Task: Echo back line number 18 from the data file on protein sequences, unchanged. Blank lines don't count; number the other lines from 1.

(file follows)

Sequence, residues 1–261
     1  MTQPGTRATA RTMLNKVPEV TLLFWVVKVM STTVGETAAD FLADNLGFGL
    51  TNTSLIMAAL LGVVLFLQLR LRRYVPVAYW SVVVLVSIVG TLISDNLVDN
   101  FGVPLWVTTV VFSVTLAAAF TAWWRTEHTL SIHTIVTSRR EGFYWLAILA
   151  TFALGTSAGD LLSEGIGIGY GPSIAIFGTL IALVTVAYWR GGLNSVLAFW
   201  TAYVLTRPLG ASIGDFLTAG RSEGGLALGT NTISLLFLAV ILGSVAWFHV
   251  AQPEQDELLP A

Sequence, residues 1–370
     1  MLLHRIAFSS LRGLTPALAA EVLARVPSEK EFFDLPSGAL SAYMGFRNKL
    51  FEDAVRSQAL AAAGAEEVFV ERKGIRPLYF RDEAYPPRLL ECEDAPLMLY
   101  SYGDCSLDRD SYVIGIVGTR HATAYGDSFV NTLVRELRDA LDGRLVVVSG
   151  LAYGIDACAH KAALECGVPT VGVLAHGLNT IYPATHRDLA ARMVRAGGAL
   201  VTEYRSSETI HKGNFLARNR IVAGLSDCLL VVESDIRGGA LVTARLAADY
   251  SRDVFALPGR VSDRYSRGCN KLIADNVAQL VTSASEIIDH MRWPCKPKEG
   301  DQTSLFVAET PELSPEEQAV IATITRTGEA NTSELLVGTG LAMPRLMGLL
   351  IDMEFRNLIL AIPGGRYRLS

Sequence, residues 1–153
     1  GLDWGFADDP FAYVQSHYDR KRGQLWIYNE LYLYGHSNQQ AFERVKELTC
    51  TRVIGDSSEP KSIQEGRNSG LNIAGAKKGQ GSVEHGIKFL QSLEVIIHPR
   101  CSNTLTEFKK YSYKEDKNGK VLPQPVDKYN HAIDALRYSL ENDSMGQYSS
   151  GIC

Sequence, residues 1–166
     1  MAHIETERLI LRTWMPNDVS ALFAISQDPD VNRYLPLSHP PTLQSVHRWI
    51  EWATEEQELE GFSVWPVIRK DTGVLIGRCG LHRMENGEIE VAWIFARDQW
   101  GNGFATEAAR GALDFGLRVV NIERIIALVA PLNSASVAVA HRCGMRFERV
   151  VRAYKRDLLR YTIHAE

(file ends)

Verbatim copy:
     1  GLDWGFADDP FAYVQSHYDR KRGQLWIYNE LYLYGHSNQQ AFERVKELTC